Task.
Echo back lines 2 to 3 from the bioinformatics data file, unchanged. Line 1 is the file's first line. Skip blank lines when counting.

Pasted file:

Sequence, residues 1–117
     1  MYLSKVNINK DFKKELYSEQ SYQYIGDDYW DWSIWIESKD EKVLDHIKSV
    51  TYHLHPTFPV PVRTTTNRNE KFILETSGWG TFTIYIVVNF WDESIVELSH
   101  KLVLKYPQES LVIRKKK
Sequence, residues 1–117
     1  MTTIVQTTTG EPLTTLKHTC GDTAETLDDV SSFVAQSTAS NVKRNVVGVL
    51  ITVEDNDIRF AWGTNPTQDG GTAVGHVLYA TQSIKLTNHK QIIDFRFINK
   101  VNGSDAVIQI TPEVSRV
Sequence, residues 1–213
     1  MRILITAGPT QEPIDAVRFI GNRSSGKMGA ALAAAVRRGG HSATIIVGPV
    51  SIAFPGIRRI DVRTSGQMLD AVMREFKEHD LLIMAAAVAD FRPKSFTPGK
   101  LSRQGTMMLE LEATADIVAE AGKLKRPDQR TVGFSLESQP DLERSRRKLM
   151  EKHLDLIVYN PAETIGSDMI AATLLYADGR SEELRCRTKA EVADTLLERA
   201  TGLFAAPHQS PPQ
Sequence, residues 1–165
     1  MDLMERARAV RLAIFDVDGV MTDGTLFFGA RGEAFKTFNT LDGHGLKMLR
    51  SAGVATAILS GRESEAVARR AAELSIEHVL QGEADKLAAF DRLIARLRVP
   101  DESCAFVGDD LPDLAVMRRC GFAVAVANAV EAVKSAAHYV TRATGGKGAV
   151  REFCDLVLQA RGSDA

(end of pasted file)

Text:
     1  MYLSKVNINK DFKKELYSEQ SYQYIGDDYW DWSIWIESKD EKVLDHIKSV
    51  TYHLHPTFPV PVRTTTNRNE KFILETSGWG TFTIYIVVNF WDESIVELSH